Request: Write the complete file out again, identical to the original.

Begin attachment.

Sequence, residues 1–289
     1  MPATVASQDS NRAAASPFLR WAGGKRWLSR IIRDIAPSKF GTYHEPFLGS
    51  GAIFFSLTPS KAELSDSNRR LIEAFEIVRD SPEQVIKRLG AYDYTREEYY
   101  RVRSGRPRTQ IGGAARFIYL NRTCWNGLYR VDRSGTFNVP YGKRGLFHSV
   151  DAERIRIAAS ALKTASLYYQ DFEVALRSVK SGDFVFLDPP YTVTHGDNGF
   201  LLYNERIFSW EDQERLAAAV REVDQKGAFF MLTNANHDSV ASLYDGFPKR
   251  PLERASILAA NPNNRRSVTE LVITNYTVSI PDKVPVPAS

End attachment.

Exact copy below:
Sequence, residues 1–289
     1  MPATVASQDS NRAAASPFLR WAGGKRWLSR IIRDIAPSKF GTYHEPFLGS
    51  GAIFFSLTPS KAELSDSNRR LIEAFEIVRD SPEQVIKRLG AYDYTREEYY
   101  RVRSGRPRTQ IGGAARFIYL NRTCWNGLYR VDRSGTFNVP YGKRGLFHSV
   151  DAERIRIAAS ALKTASLYYQ DFEVALRSVK SGDFVFLDPP YTVTHGDNGF
   201  LLYNERIFSW EDQERLAAAV REVDQKGAFF MLTNANHDSV ASLYDGFPKR
   251  PLERASILAA NPNNRRSVTE LVITNYTVSI PDKVPVPAS